20040310, 17:02  #1 
Jan 2004
3 Posts 
Generalized wilson's theorem
I found that (1) <==> (2)
(1) p is prime and p>=k and gcd(a,p)=1 (2) p divide (k1)!(pk)!a^(p1)  (1)^k (1) ==> (2) is it true ? (2) ==> (1) is it true ? Can any one help me if this theorem exist ? and can you prove or disprove this theorem ? Let A(p,a) = ((p1)!a^(p1) +1)/p and p is prime can any one find prime p such that A(p,11) or A(p,16) are prime ? Thanks Last fiddled with by bouayoun on 20040310 at 17:03 
20040311, 19:24  #2  
Mar 2004
29 Posts 
Quote:
I just read this and maybe I am wrong with what I think, so please correct me. a^(p1)1 for gcd(a,p)=1 is always dividable by p. That is what fermats little theorem says. ((p1)!a^(p1) +1) should be divisable by a prime p it means that: (p1)! (a^(p1)  1) + (p1)! + 1 The first part is divisable and can be ignored. So you just need to check p divides (p1)! + 1 I am not sure but I think that this has already been proofed (by Gauss I think). Maybe somebody could catch up here Last fiddled with by juergen on 20040311 at 19:28 

20040312, 00:01  #3  
Mar 2004
1D_{16} Posts 
Quote:
Okay and of course there is a proof for the term above from wilson. There is a proof by wilson which states that p divides (p1)! + 1 <=> p is prime this means that your term is dividable for prime numbers but that doesn't necessarily mean that it is only dividable for prime numbers. I can't proof that but I guess that it is not guaranteed that a divisor of your term is a prime number. Anyway it seems that you don't really win something here by combining fermat with wilson as you did it, because Wilson is much stronger than fermat. The only problem with the wilson "method" is that it is hard to compute. I guess you would be even faster in proofing a number to be prime by trying all possible divisors than with this "method". I think it is only interesting for theoretical considerations and proofs. But you wouldn't really have a big advantage if you combine it with another check since it has been proofed to be accurate unlike the FLT.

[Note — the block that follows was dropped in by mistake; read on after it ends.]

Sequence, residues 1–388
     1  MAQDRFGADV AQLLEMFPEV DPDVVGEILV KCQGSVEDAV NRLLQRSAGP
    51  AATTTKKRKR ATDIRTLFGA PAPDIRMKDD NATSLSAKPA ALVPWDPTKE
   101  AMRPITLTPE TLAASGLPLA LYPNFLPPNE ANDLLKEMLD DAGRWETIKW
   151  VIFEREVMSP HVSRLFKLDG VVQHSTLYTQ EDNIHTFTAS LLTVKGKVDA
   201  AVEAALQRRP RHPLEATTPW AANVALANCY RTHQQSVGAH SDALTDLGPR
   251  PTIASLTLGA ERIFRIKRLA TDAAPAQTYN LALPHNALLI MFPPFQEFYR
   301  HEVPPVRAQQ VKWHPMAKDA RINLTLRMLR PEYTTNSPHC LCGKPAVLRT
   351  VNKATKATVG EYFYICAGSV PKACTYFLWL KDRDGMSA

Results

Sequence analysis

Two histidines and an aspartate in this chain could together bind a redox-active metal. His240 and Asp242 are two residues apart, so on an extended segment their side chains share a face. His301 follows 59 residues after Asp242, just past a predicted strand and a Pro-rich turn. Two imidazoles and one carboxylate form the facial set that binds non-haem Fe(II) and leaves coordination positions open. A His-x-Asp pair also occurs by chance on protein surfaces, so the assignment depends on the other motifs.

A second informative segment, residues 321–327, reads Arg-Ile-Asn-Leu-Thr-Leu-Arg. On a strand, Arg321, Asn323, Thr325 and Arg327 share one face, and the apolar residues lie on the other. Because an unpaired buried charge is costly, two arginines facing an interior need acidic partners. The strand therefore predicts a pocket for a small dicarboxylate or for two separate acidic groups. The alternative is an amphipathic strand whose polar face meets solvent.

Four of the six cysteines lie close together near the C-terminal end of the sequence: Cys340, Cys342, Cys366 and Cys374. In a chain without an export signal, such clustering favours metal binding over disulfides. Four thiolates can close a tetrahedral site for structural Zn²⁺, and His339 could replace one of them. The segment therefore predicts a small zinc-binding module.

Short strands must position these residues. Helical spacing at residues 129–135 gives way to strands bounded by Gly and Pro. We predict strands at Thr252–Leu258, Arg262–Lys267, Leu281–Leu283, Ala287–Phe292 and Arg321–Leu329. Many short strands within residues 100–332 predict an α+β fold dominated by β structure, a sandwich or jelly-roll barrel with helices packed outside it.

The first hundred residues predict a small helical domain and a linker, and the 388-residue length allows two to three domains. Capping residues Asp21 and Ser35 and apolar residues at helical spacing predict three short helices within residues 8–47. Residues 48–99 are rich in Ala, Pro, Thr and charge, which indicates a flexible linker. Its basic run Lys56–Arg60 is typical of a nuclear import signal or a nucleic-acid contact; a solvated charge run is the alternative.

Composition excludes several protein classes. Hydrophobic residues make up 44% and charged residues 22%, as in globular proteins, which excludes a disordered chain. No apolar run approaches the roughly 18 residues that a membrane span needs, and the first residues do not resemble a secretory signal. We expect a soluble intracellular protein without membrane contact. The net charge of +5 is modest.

20040312, 18:24  #4  
Aug 2002
Portland, OR USA
422_{8} Posts 
Quote:
if p is prime, a^(p1) == 1 (mod p), ..... and ..... (p1)! == (p1) (mod p), ..... so [(p1)! (mod p)][a^(p1) (mod p)] + 1 ..... == (p1) (1) + 1 (mod p) ..... == 0 (mod p). So back to (2), are there any restrictions on k other than p>=k? I built a spreadsheet to generate n! (mod p), and I didn't find any pairs (k1)!,(pk)! whose product was +/1 (mod p), for the (1)^k to make it divisible by p. To check the complete expression, I'll have to write a program. Also, similar to what juergen stated, it is much easier to determine if n is prime with: s = sqrt(n), ..... gcd(s# (mod n), n) = 1 <=> n prime  or  s = sqrt(n), ..... Product[p prime, p <= s, p^log_p(n) (mod n)] = 0 <=> n composite. 

Thread Tools  
Similar Threads  
Thread  Thread Starter  Forum  Replies  Last Post 
Wilsonprime search practicalities  R. Gerbicz  Computer Science & Computational Number Theory  138  20151226 17:27 
I generalized the fundamental theorem of calculus  Damian  Math  16  20071105 14:55 
Genetics and Wilson's theorem  David John Hill Jr  Science & Technology  2  20060510 14:10 
Generalized Pell Numbers  T.Rex  Math  0  20050329 21:16